The article infers that high tech start-ups tend to involve young adults in their twenties with advanced degrees but not yet homeowners nor parents with well-paying jobs. What Paul Graham of Y Combinator wants to see is a team that works well, since that is necessary to manage the stresses of starting something up. That teamwork means that no single member overwhelms the others. The members accommodate each other. Y.C. doesn’t want to fund "hackers in a cage," where a non-technical founder controls the organization and treats the technical experts as subordinates.
Graham tells the start-ups he may be funding that they will not be closely supervised. He won’t tell them when they are doing poorly. "Here, we don’t fire you. The market fires you," he tells start-ups applying for Y.C. funds. Graham says the most successful start-ups utterly eliminate distractions. "They just sleep, eat, exercise, and program," he says. The details of the start-up product as pitched to Y.C. are not the most important factor in funding them or passing them by, Graham tells Vanity Fair. The energy level, teamwork, the mutual accommodation, the ability to eliminate distractions are the important factors in deciding whom to back financially.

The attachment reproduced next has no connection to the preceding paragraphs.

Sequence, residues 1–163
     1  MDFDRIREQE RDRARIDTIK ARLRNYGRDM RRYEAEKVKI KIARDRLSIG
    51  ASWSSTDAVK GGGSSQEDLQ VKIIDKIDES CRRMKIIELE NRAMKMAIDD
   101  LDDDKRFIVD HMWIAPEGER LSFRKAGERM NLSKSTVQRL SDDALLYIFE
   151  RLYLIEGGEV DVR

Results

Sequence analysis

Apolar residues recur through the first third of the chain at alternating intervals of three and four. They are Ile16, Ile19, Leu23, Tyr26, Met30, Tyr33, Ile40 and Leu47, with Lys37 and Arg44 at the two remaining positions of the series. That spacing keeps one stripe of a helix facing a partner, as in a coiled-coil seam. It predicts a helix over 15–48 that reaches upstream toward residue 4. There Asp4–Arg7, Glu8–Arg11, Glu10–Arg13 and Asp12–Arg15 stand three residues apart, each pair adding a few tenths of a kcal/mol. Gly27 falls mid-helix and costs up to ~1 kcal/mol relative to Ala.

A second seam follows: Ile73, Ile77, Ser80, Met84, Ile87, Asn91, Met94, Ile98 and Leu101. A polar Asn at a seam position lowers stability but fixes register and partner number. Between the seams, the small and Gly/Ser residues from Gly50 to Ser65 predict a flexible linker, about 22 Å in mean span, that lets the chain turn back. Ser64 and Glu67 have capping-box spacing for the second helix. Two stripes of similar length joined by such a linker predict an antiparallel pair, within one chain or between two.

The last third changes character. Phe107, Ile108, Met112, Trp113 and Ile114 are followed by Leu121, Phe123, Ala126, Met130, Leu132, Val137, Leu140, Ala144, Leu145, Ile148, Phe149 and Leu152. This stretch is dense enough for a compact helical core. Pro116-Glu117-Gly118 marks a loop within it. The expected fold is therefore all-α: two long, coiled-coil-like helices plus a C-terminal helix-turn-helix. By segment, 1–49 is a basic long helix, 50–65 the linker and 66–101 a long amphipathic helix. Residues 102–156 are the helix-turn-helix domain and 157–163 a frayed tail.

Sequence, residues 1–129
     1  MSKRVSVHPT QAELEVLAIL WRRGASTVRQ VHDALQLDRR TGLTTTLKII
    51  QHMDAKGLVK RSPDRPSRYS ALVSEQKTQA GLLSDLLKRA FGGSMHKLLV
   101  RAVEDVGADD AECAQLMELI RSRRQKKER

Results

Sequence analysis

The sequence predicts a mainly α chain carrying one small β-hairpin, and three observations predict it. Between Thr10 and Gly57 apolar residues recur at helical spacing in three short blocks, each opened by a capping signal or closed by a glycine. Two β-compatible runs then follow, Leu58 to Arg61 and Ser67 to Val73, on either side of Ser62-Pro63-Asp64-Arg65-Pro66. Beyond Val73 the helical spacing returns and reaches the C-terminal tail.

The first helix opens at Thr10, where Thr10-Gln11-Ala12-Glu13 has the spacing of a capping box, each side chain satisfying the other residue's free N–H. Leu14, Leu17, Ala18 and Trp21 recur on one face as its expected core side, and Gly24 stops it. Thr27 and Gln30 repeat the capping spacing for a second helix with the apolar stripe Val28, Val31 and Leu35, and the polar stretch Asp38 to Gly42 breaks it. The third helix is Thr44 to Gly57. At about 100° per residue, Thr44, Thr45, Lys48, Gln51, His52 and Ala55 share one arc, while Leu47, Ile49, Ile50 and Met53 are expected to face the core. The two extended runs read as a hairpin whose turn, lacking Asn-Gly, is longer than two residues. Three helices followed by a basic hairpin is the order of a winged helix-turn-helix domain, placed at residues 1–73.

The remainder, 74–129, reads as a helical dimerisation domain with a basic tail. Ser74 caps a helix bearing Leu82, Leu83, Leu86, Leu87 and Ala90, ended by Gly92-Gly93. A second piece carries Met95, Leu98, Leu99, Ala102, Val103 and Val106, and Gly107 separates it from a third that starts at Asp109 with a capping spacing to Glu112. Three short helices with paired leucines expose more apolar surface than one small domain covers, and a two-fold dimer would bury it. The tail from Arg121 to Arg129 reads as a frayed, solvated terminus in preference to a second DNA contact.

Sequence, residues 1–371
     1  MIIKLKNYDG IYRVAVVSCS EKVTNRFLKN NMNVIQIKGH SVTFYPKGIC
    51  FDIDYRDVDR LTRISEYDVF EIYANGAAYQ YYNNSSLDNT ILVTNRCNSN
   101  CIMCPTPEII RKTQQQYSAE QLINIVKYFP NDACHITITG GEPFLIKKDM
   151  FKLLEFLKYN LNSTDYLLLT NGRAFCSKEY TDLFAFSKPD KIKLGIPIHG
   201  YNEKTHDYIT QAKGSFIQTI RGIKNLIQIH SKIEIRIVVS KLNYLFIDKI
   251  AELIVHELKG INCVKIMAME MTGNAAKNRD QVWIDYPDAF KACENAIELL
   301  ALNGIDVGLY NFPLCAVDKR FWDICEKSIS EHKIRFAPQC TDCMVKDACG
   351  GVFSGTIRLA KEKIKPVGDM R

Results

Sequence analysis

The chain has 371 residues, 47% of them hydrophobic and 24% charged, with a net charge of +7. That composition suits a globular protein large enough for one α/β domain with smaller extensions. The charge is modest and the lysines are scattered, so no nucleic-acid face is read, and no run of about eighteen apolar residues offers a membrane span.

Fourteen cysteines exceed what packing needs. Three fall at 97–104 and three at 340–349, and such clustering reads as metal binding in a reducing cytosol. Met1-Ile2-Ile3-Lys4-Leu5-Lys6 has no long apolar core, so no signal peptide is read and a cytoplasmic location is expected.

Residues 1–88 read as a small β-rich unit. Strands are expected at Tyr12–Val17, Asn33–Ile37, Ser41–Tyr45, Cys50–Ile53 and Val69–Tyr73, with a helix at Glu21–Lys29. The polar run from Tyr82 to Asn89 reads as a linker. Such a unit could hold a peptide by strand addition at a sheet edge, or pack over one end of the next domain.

Graham has a formula for generating new ideas – use the start-up founders as target users. Build something the founders can build but few others can do. And select something that few people realize is a big deal. "Ask yourself: ‘What do I wish someone would start a start-up to do for me?’" Graham posits. "The next best thing: something for someone else that you know is a problem." Another question he suggests start-up founders should ask themselves: "What will people say in the future was an unmet need today?" And Graham gives as an example the time it takes for a computer to boot up – a delay of wasted time that will surely look ridiculous in the near future.
Graham suggests that when giving a presentation, a start-up founder must choose the part that is most animated. The presenter should not allow animation to happen spontaneously and without management while plodding through a presentation.
Graham further suggests that presenters be wary about statistics and avoid using nationwide universal numbers and macro-economic numbers.
Y Combinator interviews start-ups, selects and funds the approved groups for three months, and then hosts a live demonstration day for the remaining groups (63 groups demonstrated for the most recent year). The day is followed by a reception where the group founders can meet with potential investors. "It’s hard to say exactly what it is about face-to-face contact that makes deals happen," Graham observed a few years ago, "but whatever it is, it hasn’t yet been duplicated by technology."
If a start-up succeeds and becomes a smash success, then Y Combinator strongly recommends that it sell to a large tech firm, take its profits, and let Y.C. take its share as well.